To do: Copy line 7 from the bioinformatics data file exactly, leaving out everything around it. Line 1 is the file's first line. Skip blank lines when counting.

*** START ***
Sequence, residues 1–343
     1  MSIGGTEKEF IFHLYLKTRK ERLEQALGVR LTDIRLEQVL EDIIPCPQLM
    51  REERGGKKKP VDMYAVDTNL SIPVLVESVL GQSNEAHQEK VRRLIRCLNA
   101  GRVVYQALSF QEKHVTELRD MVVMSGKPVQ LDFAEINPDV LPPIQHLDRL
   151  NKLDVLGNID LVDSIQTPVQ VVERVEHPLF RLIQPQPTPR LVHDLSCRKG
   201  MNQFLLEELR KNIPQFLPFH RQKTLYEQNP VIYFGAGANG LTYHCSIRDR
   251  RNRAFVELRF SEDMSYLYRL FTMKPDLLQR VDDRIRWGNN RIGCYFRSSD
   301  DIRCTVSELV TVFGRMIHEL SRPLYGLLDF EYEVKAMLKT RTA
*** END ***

   251  RNRAFVELRF SEDMSYLYRL FTMKPDLLQR VDDRIRWGNN RIGCYFRSSD